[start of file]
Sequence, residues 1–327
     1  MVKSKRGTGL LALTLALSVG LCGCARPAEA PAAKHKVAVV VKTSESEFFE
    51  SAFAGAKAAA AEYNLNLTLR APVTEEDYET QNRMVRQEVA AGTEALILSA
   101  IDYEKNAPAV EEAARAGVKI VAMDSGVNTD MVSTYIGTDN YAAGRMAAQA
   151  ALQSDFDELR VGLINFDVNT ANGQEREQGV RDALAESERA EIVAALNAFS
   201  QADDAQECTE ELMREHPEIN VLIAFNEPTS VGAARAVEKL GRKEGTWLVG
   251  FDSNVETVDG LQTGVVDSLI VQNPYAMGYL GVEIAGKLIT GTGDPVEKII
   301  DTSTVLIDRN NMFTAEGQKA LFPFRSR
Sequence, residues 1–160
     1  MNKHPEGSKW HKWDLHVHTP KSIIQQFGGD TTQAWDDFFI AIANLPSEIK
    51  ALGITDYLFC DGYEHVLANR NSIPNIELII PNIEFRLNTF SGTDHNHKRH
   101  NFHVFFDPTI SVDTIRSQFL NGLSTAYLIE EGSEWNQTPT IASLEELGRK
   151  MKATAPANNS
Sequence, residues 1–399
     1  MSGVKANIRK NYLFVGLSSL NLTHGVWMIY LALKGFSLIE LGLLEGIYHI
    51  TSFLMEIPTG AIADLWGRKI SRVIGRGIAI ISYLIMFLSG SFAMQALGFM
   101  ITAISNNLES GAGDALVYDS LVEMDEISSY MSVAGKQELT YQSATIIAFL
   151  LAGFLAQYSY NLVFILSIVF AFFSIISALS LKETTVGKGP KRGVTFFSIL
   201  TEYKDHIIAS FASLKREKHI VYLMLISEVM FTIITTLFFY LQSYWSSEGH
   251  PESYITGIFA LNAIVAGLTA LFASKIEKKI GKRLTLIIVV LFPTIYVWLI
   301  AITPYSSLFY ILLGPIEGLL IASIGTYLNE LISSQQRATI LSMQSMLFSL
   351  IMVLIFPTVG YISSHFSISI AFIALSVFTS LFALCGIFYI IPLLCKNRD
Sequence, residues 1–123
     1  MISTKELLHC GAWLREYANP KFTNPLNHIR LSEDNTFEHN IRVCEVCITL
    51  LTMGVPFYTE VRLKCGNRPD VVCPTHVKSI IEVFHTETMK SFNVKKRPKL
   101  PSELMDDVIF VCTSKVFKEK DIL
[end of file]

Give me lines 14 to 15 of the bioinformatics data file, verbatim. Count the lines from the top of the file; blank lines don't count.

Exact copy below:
Sequence, residues 1–399
     1  MSGVKANIRK NYLFVGLSSL NLTHGVWMIY LALKGFSLIE LGLLEGIYHI